Dr. Cooper notes that in her quest to define herself by thought and by practice, the Black woman must also realize “she is confronted by both a woman question and a race problem”, and must work and struggle to solve both simultaneously. She wants Black men to reject sexism, redefine themselves, and accept the creative challenge Black women, at their best, pose for them to grow and struggle in mutual support at the highest level and not settle at the lowest levels of self-understanding or self-assertion in the world. After all, she says “Nature never meant the ideals and standards of the world should be dwarfing and minimizing ones and the men should thank us for requiring of them the richest fruits they can grow.” Thus, she wants women and men to cultivate and sustain “those moral forces that make for happiness of home and righteousness of country” as well as the health and wholeness of the world.
Finally, Dr. Cooper asks Black women and men to have a world-encompassing conception of their struggle, referring especially to the rightful struggle of Native Americans. The ethical and “philosophic mind sees its ‘rights’ as the rights of humanity” and the struggle of the oppressed and vulnerable as the core human struggle, she says. And thus the struggle of Black women and Black people is “based on a principle as broad as the human race and old as human society.” It is the principle of human dignity, an ethical principle that demands and grounds our rightful claims to human freedom and flourishing and the shared good and goods of the world.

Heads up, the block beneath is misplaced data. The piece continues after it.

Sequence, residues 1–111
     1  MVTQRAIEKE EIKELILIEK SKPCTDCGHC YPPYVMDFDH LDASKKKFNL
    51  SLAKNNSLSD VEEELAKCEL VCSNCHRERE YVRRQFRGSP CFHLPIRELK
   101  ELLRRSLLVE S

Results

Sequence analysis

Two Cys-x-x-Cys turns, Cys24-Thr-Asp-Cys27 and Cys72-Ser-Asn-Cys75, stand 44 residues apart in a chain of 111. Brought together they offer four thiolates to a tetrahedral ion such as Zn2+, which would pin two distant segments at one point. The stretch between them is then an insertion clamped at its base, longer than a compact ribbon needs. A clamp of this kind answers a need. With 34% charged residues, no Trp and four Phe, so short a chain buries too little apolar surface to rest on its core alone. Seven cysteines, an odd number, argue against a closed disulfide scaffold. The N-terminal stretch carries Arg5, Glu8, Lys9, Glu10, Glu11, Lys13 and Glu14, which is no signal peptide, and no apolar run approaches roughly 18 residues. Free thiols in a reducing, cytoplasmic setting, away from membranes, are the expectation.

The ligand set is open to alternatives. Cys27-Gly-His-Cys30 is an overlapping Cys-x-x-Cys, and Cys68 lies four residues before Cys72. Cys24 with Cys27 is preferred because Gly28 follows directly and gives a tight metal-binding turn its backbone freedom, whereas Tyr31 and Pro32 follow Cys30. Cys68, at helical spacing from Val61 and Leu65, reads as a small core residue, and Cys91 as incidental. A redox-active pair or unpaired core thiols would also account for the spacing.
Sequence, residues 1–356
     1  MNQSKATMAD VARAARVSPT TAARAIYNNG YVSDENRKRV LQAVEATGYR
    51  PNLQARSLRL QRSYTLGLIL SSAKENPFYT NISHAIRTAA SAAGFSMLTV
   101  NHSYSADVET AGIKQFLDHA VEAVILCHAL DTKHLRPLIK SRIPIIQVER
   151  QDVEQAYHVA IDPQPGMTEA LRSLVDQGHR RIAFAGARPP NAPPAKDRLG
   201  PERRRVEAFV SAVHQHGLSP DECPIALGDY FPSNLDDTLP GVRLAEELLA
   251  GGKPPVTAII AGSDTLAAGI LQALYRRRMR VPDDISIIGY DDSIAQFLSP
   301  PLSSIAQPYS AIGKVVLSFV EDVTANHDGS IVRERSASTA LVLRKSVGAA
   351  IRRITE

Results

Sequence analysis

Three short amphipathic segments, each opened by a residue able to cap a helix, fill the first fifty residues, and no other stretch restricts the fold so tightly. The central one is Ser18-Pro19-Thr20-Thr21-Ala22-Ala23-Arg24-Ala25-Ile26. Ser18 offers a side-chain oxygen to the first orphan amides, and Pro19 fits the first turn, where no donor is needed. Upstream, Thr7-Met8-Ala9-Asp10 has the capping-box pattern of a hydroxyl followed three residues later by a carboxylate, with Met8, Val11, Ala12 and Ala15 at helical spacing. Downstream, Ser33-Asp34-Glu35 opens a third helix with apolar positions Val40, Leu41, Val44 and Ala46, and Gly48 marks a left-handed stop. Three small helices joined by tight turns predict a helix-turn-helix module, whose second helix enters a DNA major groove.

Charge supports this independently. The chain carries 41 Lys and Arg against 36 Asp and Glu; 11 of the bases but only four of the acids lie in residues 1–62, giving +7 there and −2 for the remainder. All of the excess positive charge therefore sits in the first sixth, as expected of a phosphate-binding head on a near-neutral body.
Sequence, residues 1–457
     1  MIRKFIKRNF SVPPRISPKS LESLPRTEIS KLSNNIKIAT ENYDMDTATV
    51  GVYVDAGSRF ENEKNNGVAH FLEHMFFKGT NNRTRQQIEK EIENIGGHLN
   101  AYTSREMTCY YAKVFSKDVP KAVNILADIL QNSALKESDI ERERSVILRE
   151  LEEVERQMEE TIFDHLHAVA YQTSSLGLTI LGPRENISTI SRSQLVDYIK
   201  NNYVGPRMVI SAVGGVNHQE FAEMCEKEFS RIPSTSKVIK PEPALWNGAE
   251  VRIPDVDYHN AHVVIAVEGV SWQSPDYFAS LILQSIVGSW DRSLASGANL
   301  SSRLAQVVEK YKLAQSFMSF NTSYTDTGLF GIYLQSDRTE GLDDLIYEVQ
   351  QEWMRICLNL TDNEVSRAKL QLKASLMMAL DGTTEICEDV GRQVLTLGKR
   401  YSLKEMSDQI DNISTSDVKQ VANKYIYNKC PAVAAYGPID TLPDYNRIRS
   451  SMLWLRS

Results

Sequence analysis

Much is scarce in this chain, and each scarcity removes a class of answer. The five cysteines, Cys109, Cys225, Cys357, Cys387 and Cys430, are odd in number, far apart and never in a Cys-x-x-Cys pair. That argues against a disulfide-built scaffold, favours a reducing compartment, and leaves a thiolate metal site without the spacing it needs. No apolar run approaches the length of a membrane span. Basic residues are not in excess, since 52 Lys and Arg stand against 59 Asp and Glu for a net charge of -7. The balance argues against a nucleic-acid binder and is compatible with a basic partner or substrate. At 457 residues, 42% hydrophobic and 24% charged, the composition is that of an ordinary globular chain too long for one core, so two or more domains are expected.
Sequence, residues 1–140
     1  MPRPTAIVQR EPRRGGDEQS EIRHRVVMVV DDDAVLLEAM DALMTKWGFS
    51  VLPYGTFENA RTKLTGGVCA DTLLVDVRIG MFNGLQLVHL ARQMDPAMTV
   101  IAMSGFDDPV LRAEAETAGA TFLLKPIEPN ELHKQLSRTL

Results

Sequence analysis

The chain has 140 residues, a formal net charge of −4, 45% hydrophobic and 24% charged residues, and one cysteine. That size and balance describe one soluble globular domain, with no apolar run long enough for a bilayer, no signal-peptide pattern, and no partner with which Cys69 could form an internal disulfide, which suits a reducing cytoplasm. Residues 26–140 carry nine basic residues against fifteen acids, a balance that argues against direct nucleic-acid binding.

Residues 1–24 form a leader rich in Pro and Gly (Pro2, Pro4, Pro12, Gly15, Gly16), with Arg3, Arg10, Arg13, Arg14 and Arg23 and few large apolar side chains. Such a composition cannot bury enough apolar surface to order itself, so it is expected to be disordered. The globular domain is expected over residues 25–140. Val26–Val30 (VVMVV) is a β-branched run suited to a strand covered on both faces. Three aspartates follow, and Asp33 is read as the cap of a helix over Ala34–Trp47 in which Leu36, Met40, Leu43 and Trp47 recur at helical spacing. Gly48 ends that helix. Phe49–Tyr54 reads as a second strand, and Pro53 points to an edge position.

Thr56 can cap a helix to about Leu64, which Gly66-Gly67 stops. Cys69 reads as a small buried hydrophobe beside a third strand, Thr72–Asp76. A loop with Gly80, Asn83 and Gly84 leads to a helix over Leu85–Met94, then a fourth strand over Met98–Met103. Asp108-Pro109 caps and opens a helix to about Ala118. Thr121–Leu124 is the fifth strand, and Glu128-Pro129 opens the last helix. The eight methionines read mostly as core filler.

In her statement to the Congress of Representative Women on the Status and Mission of Black Women, she sums up a world-encompassing conception of instructive value to all work and struggle to bring and sustain good in the world. She says, “We take our stand on the solidarity of humanity, the oneness of life and the unnaturalness and injustice of all special favoritism, whether of sex, race, country or condition.”
Dr. Maulana Karenga, Professor and Chair of Africana Studies, California State University-Long Beach; Executive Director, African American Cultural Center (Us); Creator of Kwanzaa; and author of Kwanzaa: A Celebration of Family, Community and Culture and Essays on Struggle: Position and Analysis, www.AfricanAmericanCulturalCenter-LA.org; www.OfficialKwanzaaWebsite.org; www.MaulanaKarenga.org.